Time series analysis of vegetation-cover response to environmental factors and residential development in a dryland region

Noa Ohana-Levi, Tarin Paz-Kagan, Natalya Panov, Aviva Peeters, Asaf Tsoar, Arnon Karnieli

Research output: Contribution to journalArticlepeer-review

27 Scopus citations


Land-use changes as a result of residential development often lead to degradation and alter vegetation cover (VC). Although these are worldwide phenomena, sufficient knowledge about anthropogenic effects caused by various populated areas in dryland ecosystems is lacking. This study explored anthropogenic development in rural areas and its effects on the conservation of protected areas in drylands, focusing on the change in VC, the reasons, extent, and the drivers of change. We propose a novel framework for exploring VC change (VCC) as a function of environmental and human-driven factors including different types of populated areas in drylands. As a case study, we used a 30-year time series of Landsat satellite images over the arid region of Israel to analyze spatiotemporal VCC. The temporal analysis involved the Contextual Mann-Kendall significance test and spatial analysis to model clustering of VCC. A Gradient Boosted Regression machine learning algorithm was applied to study the relative influence of environmental and human-driven factors on VCC. In addition, we used ANOVA to examine differences between the effects of three types of populated areas on the spatiotemporal trends of VC. The results show that the most influential environmental variable on VCC was elevation (relative contribution of 17%), followed by slope (14.8%) and distance from populated areas (14.6%). Moreover, different types of populated areas affected VC differently with varying distances from residential centroids. The nature reserves increased VC positively and significantly, while livestock settlements had a negative effect. Change in vegetation was mostly confined to the stream network and occurred in lower elevations. The study demonstrates how different land-use practices alter the landscape in terms of VC and differ in their extents, patterns, and effects. With the expected growth in population and residential development worldwide, the proposed framework may assist conservation managements and policy makers in minimizing environmental degradation in drylands.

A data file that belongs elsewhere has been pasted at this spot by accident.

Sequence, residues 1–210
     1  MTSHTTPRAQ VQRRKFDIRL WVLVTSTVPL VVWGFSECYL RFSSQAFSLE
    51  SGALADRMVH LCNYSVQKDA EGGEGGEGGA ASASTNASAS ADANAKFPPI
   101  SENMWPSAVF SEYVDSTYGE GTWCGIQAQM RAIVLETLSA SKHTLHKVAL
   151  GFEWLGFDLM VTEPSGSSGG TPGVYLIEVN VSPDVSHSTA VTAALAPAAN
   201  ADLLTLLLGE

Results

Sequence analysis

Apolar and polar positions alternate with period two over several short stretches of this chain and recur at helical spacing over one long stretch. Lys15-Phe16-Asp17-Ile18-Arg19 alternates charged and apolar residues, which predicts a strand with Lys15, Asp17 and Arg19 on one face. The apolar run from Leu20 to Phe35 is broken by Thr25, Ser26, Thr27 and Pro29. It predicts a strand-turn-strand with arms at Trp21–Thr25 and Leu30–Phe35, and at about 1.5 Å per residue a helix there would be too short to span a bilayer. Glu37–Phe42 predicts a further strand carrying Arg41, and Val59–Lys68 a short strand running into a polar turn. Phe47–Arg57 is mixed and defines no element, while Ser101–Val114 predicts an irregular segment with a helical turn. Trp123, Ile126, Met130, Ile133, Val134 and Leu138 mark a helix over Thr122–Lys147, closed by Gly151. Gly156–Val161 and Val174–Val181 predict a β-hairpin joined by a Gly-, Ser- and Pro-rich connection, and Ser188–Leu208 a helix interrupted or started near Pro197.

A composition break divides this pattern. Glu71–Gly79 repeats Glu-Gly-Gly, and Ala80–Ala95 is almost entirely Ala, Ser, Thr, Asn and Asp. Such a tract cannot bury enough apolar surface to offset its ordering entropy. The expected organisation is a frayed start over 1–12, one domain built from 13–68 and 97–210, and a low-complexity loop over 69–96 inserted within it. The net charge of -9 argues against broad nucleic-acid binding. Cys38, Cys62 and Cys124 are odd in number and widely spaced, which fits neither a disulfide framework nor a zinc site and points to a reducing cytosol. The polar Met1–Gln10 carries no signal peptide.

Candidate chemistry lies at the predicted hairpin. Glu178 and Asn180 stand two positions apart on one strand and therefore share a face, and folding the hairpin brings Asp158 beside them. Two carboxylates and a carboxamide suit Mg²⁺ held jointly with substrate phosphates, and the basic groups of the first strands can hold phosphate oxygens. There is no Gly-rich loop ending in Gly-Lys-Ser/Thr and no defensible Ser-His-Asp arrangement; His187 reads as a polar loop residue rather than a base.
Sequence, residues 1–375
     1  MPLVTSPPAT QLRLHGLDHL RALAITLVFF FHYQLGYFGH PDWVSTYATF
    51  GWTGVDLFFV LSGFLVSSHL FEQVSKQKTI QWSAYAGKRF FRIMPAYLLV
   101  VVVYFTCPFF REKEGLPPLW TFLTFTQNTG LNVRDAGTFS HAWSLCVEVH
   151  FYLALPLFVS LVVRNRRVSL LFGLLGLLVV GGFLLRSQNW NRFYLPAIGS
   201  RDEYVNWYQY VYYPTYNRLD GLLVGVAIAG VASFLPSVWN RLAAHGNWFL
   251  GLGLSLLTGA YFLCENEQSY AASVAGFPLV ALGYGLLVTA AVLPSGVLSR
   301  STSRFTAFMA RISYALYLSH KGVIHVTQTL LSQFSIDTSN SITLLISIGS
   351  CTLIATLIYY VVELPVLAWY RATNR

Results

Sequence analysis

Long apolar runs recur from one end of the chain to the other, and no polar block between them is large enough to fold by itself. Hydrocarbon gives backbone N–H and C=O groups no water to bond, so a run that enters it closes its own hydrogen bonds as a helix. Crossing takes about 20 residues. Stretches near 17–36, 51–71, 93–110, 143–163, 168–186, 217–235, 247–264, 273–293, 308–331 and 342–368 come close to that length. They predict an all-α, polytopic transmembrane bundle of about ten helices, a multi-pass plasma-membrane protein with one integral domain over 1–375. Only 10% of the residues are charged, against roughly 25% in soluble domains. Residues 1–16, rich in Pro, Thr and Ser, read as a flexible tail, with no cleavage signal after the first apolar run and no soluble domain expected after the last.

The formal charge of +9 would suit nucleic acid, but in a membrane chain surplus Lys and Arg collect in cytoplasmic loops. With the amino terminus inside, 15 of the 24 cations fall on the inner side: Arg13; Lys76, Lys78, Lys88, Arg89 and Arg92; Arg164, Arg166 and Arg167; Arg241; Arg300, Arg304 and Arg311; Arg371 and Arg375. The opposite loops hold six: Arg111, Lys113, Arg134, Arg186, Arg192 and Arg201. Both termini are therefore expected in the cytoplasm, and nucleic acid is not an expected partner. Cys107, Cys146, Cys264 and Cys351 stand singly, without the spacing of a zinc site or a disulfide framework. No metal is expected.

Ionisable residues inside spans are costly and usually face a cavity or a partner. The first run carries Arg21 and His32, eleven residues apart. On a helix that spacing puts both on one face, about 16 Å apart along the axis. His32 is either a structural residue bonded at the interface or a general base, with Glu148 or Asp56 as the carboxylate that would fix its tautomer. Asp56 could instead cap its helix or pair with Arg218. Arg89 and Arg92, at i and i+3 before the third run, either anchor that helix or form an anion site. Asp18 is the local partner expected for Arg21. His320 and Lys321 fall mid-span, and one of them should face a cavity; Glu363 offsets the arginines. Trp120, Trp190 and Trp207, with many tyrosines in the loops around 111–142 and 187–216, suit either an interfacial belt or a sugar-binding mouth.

Original languageEnglish
Pages (from-to)362-387
Number of pages26
JournalGIScience and Remote Sensing
Issue number3
StatePublished - 3 Apr 2019


  • agricultural settlements
  • drylands
  • grazing
  • protected area
  • remote sensing
  • spatial analysis

ASJC Scopus subject areas

  • General Earth and Planetary Sciences


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